WESTCHESTER COUNTY, N.Y. -- In a recent letter to New York state Thruway acting Director Robert Megna, Sen. George Latimer, D-Westchester, asked for the current status of the long-overdue “Last Mile” Thruway reconstruction project that would cover the one-mile stretch from Exit 22 at Midland Avenue north to the Byram River Bridge that leads into Connecticut.
The project was originally part of a full reconstruction of the New England section of the Thruway, begun in the 1990s, that rebuilt the roadbed, added sound barriers to protect residential neighbors and reconstructed bridge overpasses of local roads from the Bronx border to Rye.
With great fanfare, the Thruway Authority announced plans to start the project in 2004-05; the authority held public meetings for press and residents’ input and met with local elected officials to deal with issues such as rerouting traffic and placement of work staging areas.
The Last Mile project involved the reconstruction of the Interstate 287 access ramp into northbound Interstate 95 – a very dangerous spot; reconstruction of the Grace Church Street Bridge; long-needed sound barriers alongside Gray Rock North and other affected neighborhoods; and a full redo of the roadway.
“There were charts and renderings of the work contemplated,” said Latimer, who was then a Westchester County legislator, “and a vigorous community discussion. And then, nothing. For a decade.”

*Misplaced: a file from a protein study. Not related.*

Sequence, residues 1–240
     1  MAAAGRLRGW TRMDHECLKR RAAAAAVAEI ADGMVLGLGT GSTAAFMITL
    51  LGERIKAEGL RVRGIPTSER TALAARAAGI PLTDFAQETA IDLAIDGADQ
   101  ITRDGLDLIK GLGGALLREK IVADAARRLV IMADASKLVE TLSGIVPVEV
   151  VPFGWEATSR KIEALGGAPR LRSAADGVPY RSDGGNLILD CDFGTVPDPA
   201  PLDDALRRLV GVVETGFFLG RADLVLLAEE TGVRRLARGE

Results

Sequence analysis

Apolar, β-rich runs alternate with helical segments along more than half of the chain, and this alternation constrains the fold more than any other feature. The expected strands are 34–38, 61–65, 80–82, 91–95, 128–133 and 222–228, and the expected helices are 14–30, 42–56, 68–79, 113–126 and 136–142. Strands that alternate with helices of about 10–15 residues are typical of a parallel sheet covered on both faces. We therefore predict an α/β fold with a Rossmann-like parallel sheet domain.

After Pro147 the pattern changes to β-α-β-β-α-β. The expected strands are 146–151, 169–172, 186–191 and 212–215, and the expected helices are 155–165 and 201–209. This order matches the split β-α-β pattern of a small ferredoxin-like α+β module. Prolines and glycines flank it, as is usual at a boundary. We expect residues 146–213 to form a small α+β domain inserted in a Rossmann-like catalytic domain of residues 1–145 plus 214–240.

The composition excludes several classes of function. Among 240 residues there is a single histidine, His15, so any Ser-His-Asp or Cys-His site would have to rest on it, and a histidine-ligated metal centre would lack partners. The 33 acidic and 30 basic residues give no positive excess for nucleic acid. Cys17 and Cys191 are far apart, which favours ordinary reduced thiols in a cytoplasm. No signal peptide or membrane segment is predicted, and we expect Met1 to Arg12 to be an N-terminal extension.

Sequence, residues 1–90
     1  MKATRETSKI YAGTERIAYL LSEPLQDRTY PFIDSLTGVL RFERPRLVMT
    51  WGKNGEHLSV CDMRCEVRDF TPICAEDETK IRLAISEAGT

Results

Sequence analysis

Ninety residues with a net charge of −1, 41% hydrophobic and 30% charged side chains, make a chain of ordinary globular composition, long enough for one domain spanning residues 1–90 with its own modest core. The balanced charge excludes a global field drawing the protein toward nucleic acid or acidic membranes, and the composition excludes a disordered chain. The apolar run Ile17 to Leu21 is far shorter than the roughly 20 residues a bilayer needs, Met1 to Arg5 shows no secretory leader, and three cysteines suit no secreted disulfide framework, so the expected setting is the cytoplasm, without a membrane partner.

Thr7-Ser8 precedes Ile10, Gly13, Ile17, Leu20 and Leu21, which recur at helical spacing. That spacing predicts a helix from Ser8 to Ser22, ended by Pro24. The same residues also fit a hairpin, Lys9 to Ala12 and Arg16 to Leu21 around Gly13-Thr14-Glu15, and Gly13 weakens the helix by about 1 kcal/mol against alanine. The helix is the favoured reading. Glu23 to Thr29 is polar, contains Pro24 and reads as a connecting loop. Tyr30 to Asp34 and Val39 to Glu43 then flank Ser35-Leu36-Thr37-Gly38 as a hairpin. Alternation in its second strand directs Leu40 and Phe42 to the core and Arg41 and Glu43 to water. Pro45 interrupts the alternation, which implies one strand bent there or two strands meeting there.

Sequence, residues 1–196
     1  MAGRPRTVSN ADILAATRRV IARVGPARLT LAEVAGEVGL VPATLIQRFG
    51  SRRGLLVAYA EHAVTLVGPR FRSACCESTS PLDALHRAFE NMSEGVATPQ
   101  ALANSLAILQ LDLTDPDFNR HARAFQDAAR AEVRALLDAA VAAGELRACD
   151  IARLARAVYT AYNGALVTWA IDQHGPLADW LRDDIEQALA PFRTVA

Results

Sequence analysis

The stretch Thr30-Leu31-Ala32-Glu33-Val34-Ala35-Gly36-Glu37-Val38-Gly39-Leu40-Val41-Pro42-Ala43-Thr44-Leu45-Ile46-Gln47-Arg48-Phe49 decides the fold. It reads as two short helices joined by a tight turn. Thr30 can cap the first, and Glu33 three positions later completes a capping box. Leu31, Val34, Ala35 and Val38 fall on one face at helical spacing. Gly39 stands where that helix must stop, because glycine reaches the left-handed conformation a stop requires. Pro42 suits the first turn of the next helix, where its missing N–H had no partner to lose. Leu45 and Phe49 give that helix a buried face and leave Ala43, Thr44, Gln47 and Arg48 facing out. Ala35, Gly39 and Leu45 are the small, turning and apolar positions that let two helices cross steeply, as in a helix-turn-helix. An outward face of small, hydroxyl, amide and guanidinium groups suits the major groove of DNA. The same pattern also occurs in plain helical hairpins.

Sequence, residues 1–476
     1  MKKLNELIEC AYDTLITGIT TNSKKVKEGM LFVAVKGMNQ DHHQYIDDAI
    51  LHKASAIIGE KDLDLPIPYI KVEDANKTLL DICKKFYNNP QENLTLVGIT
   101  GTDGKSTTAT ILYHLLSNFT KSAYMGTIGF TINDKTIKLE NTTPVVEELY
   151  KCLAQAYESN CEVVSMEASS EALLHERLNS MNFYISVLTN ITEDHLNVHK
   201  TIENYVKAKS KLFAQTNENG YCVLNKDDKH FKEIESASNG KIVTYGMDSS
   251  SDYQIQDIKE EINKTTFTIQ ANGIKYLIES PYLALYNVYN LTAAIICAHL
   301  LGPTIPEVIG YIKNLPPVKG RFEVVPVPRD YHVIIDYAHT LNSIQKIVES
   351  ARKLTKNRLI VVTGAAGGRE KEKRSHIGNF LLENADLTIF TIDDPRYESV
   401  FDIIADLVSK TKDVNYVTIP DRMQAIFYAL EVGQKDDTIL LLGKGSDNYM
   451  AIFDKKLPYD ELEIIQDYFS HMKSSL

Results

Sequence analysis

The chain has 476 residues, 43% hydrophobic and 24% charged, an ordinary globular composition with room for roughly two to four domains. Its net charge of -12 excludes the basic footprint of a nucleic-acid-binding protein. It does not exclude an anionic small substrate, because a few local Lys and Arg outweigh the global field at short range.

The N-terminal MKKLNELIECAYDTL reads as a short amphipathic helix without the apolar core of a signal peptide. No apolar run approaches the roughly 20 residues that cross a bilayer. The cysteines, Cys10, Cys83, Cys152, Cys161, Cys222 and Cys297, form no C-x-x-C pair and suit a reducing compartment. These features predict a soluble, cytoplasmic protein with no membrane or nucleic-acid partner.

Latimer surmises the need to build a new Tappan Zee Bridge may have reallocated resources set aside for the Last Mile, but no formal announcement has ever been made. Now, with a new team of managers and leaders in place at the Thruway Authority after a recent shake-up, Latimer wants the community to know what the status is.
“The neighbors are still enduring noise," he said. "The roadbed – which is being fixed again along the other mileposts on the Thruway from their 1990s upgrade – is worse than ever. The potential for fatal accidents in the transition from I-287 to I-95 remains high. This is a necessary, important public improvement project.”
The senator said he hopes the Thruway Authority will re-engage in a dialogue with local governments and residents to restart the clock on the Last Mile.
"Especially in light of Connecticut’s plans to reinstitute tolls at the Connecticut-New York border, the project is urgently needed,” he said.
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